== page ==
Saskatchewan

National ban on menthol smokes stalled by Saskatchewan, Rona Ambrose says

Federal Health Minister Rona Ambrose says the government of Saskatchewan was very resistant to imposing a ban on menthol flavoured cigarettes.
Saskatchewan was not on board with a national ban on the sale of menthol-flavoured cigarettes. (Joe Raedle/Getty Images)

Federal Health Minister Rona Ambrose says the government of Saskatchewan was very resistant to imposing a national ban on menthol-flavoured cigarettes.

Ambrose said Monday that discussions about a nation wide ban on flavoured tobacco products were bogged down over the question of menthol cigarettes.

"We tried, but we couldn't get consensus from the provinces," Ambrose said. "It's hard for the federal government to regulate the whole country when we couldn't get consensus. Saskatchewan in particular wasn't willing to go ahead with a menthol ban, so we excluded menthol."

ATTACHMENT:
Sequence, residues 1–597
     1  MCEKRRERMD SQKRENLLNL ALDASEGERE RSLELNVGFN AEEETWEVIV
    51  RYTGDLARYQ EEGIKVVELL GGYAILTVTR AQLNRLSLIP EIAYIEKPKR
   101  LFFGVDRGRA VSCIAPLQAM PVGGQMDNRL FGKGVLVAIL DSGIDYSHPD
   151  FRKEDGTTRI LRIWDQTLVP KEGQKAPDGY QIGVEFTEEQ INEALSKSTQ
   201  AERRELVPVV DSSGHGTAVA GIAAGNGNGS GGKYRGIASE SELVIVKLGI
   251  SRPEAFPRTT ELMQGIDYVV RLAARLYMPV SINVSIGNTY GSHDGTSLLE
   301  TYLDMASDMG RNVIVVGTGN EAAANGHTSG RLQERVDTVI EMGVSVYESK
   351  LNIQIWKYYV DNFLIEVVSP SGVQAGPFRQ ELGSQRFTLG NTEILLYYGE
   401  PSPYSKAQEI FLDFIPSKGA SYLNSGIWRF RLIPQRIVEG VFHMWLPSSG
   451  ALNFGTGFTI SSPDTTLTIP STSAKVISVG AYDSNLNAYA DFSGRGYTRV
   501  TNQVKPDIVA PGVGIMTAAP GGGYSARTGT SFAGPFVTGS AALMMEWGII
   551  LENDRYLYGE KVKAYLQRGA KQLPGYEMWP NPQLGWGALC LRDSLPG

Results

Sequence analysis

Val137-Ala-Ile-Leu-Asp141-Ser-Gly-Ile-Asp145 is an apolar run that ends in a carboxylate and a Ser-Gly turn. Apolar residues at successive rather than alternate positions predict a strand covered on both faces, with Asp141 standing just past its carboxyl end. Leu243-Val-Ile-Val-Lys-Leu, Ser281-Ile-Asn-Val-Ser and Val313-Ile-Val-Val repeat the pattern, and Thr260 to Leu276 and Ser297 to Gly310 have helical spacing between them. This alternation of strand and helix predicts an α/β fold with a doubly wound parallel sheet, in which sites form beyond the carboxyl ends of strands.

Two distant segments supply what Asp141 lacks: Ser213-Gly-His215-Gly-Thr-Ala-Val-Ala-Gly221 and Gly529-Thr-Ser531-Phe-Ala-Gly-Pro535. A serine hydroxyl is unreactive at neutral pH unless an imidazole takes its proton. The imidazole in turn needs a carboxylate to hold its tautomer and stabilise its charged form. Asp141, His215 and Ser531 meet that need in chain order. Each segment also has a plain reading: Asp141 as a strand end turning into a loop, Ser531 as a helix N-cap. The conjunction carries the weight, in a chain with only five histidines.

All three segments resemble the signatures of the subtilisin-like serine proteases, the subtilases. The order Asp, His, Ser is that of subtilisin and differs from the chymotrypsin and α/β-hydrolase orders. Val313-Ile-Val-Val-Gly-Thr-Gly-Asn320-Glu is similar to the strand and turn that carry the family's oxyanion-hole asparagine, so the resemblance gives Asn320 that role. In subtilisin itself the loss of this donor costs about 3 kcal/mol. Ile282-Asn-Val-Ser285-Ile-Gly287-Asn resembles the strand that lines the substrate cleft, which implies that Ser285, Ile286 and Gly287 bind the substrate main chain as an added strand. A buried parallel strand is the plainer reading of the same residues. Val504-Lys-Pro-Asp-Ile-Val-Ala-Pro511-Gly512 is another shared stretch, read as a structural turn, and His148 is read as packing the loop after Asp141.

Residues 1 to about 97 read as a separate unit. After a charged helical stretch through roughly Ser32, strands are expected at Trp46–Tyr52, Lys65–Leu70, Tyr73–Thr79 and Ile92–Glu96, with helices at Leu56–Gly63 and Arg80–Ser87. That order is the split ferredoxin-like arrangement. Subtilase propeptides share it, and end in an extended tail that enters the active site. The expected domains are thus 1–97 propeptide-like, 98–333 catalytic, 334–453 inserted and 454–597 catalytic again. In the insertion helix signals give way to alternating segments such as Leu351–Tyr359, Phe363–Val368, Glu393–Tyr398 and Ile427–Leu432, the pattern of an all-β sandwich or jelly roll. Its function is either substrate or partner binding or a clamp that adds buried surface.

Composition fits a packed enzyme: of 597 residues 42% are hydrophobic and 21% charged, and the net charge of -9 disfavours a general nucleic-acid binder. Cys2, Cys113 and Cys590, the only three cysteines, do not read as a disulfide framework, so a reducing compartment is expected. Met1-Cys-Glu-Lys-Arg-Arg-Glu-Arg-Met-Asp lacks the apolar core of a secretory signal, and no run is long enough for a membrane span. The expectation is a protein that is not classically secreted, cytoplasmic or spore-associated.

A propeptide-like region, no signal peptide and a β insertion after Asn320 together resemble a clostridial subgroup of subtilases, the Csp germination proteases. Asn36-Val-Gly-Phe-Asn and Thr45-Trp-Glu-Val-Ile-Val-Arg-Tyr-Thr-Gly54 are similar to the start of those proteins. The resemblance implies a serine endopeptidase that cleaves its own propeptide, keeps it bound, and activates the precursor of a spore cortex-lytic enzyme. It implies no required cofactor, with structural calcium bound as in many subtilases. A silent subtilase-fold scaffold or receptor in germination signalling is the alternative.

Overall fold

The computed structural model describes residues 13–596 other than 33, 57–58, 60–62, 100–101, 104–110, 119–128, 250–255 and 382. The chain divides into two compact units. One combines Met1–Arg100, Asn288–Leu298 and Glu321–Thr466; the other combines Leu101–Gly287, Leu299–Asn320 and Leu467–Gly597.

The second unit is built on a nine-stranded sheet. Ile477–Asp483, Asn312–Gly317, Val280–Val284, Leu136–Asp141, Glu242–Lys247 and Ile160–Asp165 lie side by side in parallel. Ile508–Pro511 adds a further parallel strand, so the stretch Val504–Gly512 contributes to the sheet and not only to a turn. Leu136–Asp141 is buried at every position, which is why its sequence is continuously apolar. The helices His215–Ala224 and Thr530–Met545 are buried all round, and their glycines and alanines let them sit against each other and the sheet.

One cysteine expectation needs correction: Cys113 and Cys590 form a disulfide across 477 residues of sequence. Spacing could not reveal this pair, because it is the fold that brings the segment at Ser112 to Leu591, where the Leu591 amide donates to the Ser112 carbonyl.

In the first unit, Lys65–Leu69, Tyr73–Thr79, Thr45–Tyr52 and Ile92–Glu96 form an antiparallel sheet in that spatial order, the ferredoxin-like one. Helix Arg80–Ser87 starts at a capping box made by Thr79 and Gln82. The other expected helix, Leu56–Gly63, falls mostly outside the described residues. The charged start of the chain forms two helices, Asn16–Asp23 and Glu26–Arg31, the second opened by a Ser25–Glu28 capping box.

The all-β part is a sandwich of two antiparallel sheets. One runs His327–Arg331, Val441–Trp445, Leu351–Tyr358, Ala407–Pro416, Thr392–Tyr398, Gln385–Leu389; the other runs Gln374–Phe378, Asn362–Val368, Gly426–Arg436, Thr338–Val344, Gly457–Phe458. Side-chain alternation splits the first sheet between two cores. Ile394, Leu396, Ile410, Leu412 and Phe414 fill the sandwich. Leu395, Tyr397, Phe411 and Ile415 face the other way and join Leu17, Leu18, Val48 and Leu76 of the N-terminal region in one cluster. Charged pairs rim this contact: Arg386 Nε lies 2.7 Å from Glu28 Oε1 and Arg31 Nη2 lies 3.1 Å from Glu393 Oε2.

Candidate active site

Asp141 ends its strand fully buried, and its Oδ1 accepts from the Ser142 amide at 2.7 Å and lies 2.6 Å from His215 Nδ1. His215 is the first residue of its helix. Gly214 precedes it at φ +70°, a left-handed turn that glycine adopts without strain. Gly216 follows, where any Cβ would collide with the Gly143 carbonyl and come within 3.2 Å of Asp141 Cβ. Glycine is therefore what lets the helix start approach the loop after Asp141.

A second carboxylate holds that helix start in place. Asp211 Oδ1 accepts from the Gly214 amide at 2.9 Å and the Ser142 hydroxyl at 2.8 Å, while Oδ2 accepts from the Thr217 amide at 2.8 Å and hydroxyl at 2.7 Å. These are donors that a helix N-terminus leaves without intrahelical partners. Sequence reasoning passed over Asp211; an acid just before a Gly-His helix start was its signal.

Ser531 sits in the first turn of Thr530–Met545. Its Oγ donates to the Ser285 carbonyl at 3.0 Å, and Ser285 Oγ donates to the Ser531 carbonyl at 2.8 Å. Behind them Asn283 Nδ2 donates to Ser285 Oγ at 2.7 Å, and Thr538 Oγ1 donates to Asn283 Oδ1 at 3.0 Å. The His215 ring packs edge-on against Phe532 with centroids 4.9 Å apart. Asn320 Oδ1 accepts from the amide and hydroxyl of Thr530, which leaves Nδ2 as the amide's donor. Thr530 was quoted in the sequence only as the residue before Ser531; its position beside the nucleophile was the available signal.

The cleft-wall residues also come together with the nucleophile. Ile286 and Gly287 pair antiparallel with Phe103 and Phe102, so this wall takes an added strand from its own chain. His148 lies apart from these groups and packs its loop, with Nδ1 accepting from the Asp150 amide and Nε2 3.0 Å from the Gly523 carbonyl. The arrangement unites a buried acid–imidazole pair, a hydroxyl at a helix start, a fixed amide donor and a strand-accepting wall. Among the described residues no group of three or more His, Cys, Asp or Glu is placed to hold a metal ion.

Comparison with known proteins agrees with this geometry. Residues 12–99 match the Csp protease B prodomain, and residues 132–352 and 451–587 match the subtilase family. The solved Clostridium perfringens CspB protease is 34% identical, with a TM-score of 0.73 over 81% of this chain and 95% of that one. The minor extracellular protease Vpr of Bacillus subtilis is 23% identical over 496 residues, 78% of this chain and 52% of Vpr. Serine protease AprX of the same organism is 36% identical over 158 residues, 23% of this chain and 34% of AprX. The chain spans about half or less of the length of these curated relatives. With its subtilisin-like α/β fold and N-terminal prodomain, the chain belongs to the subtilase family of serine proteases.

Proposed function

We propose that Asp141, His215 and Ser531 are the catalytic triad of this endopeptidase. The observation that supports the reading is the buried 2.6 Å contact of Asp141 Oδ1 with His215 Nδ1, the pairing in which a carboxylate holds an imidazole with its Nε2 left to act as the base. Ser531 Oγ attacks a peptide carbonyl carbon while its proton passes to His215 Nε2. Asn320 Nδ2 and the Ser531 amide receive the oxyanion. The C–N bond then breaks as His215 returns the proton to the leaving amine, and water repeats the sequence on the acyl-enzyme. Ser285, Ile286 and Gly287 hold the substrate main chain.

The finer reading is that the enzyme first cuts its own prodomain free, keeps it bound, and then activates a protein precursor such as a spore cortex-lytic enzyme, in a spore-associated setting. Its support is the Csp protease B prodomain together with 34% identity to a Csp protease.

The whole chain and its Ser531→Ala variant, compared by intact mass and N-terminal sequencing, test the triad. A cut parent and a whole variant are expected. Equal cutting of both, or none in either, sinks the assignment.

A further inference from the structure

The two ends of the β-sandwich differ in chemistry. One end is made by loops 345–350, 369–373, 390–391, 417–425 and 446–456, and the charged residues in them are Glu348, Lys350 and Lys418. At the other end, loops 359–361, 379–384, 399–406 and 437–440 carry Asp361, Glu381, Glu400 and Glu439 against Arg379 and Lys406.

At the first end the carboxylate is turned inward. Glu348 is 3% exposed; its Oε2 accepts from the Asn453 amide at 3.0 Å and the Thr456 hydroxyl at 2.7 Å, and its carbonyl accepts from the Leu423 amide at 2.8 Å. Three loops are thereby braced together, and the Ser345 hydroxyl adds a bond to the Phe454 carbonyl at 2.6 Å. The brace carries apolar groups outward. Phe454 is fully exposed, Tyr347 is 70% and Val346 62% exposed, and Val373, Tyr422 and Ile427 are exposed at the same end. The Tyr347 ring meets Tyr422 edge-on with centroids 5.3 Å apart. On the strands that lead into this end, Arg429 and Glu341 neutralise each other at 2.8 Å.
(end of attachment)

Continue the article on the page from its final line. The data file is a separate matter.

Ambrose noted that some jurisdictions have since introduced their own bans on menthol.

"I see provinces are now going ahead on their own individually and I think that's great," she said.

An official for the province of Saskatchewan said the province participated in what were described as "broad discussions" that addressed youth-oriented flavourings and covered "all forms of tobacco."

The official said Saskatchewan was not on board with a ban because of the "undefined and expansive nature of these discussions."

According to the official, there are many questions about what flavours are considered "youth-oriented" and what types of flavoured tobacco products should be banned. The official noted there are many types of tobacco products including pipe tobacco, water tobacco, chewing tobacco, little cigars, cigarettes and more. 

"We will continue to evaluate these policy options," the official said, adding that "Saskatchewan continues to make concrete strides against youth tobacco consumption."

The official said that, recently, Saskatchewan had made it illegal to smoke on school grounds, near the entrances of public buildings and in a vehicle with a child present.

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